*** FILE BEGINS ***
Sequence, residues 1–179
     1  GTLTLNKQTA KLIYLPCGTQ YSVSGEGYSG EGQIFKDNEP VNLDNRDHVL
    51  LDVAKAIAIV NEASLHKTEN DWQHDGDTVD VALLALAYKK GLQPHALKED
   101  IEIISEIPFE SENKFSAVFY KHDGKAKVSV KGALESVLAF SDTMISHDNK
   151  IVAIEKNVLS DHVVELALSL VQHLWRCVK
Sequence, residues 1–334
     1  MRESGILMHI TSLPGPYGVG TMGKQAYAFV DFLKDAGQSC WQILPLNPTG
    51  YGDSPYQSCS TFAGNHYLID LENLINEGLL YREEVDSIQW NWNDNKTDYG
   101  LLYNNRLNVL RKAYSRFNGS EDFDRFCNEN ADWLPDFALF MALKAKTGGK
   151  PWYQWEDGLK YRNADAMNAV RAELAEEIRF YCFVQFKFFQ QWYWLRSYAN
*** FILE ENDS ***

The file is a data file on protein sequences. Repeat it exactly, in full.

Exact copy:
Sequence, residues 1–179
     1  GTLTLNKQTA KLIYLPCGTQ YSVSGEGYSG EGQIFKDNEP VNLDNRDHVL
    51  LDVAKAIAIV NEASLHKTEN DWQHDGDTVD VALLALAYKK GLQPHALKED
   101  IEIISEIPFE SENKFSAVFY KHDGKAKVSV KGALESVLAF SDTMISHDNK
   151  IVAIEKNVLS DHVVELALSL VQHLWRCVK
Sequence, residues 1–334
     1  MRESGILMHI TSLPGPYGVG TMGKQAYAFV DFLKDAGQSC WQILPLNPTG
    51  YGDSPYQSCS TFAGNHYLID LENLINEGLL YREEVDSIQW NWNDNKTDYG
   101  LLYNNRLNVL RKAYSRFNGS EDFDRFCNEN ADWLPDFALF MALKAKTGGK
   151  PWYQWEDGLK YRNADAMNAV RAELAEEIRF YCFVQFKFFQ QWYWLRSYAN